Routine: Geoff starts by asking a question I’ve always wanted the answer to: why do some fast-food people act as if the ketchup packets come out of their paycheck? Unfortunately, he doesn’t have an answer, but he will have fifty-eight packets to go. Beyond that, it’s the very old ‘roll backwards slowly at the stoplight to freak out seniors’ routine because he’s annoyed at their driving old police cars, and something completely unrepeatable on a PG-13 board concerning male levels of genital endowment as cars and the problems with underground parking, and please don’t ask me to explain that, even in private message. Geoff is not getting the Bible Belt vote tonight.
Set #8: Kathleen Madigan. She’s actually going to perform tonight for two whole minutes, which, in an ideal world, would increase the amount of time she’d been funny over two seasons by roughly six hundred percent. Every time I see Kathleen perform, it’s like I’m seeing her for the first time – mainly because nothing she did before was good enough to remember. And since Mohr’s fifteen repetitions of her phone number won’t be enough to log that in the temporary files, she’s going to have a hard time getting my vote tonight. She may even have a hard time making it to the next paragraph. Listen to one word, get it in before it slips…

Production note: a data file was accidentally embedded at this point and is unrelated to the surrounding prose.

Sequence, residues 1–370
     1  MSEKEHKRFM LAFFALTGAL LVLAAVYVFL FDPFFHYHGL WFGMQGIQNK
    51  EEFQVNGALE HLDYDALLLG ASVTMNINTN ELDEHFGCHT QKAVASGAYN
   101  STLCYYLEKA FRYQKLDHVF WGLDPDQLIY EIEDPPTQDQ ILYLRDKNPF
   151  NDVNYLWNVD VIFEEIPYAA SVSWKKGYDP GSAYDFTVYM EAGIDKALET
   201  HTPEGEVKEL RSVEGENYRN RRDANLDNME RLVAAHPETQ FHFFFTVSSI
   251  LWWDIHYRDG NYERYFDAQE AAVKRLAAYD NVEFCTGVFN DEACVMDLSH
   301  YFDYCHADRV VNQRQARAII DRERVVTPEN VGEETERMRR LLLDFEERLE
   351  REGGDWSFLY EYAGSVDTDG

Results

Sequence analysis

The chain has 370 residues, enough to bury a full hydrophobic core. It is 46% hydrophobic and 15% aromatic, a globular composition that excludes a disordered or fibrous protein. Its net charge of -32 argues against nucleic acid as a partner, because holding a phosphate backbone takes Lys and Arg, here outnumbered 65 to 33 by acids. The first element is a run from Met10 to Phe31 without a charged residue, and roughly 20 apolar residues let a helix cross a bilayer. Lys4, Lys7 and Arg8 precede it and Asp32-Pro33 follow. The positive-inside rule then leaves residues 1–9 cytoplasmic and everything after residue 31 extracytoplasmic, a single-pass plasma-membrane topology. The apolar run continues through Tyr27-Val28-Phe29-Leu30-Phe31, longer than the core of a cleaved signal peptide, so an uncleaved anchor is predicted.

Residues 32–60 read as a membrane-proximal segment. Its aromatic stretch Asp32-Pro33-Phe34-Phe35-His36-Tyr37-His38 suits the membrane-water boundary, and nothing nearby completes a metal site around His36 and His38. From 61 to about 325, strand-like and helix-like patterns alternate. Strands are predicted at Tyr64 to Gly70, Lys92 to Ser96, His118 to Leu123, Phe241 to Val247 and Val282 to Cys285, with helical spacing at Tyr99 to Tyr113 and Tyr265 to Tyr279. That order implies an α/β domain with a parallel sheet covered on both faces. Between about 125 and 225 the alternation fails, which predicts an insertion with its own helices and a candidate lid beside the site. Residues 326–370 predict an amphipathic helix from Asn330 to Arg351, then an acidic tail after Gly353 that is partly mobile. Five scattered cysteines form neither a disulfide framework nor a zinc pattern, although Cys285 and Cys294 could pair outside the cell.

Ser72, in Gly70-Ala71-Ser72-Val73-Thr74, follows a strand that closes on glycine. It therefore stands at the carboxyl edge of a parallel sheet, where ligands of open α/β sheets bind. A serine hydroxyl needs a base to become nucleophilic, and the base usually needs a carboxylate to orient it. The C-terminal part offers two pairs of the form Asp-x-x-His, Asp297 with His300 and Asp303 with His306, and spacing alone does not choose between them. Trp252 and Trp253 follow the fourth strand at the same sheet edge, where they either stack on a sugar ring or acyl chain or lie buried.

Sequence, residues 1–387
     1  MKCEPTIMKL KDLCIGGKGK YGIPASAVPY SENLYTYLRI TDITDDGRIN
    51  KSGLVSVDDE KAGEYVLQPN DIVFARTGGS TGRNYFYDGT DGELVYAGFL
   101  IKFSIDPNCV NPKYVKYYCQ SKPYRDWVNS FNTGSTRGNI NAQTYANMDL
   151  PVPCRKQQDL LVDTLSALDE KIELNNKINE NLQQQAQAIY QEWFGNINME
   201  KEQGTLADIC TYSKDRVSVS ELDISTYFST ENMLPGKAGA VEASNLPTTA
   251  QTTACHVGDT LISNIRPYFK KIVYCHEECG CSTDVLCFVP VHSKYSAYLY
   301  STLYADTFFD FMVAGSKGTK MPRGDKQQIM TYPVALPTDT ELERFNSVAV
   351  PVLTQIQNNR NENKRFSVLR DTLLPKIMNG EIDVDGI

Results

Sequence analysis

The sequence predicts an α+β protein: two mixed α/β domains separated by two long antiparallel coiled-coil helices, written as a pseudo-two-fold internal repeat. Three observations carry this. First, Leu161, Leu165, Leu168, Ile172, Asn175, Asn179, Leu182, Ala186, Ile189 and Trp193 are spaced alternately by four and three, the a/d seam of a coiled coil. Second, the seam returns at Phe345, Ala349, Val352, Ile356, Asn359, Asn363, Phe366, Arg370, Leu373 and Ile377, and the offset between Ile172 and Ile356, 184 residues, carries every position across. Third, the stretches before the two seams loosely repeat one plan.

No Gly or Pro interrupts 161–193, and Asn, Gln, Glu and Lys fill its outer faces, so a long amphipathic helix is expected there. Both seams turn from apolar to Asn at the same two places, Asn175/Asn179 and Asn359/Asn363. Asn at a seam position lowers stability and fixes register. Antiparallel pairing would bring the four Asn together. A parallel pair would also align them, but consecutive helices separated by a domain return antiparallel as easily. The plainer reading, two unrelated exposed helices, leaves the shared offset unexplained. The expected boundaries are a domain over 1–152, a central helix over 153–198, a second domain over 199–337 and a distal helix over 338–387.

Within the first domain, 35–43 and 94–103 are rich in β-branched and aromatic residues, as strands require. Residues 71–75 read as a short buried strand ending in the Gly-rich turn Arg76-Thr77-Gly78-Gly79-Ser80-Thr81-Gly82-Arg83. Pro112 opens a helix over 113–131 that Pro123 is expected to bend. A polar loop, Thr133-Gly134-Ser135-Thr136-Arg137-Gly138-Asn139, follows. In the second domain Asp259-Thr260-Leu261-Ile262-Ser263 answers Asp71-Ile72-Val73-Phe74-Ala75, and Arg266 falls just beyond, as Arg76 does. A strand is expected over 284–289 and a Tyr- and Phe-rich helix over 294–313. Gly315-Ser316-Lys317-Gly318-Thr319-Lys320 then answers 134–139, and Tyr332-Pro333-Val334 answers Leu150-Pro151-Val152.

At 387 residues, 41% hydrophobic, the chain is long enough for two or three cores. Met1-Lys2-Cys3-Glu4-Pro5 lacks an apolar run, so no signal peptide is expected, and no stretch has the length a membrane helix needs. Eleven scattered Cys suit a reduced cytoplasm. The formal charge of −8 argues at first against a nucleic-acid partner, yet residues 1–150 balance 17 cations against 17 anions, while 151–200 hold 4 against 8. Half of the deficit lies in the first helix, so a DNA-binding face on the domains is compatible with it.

Routine: Let’s do nothing but political humor and alienate half the voting base! (Does Kathleen know she’s playing a game? Did she watch Ralphie’s cheap gas crash-and-burn last year? Does she know where she is?) The whole routine is an extended Bush bash, from his occasional no-funny-gestures speeches to his being the only one in the family with an accent. Oh, yes, and his using ‘in other words’ for things that don’t need other words. Well, Kathleen, when you trot out completely unoriginal political humor for a mass audience and the local one isn’t laughing, it’s not a good sign. Or in other words, seven days from now, you’re outta here.
Set #9: Sean Kent. I’m going to go unbashable here for a little while simply because he now has hair. This isn’t an appearance comment, it’s a ‘the cancer recovery is going nicely’ notation. He looks a thousand times better than he did during Season 1, and I’m honestly happy to see him in that kind of shape. I’m frankly thrilled just to have him in a condition where he can get on stage without an IV attached. So kudos to Sean for getting this far in the health department, but as for the: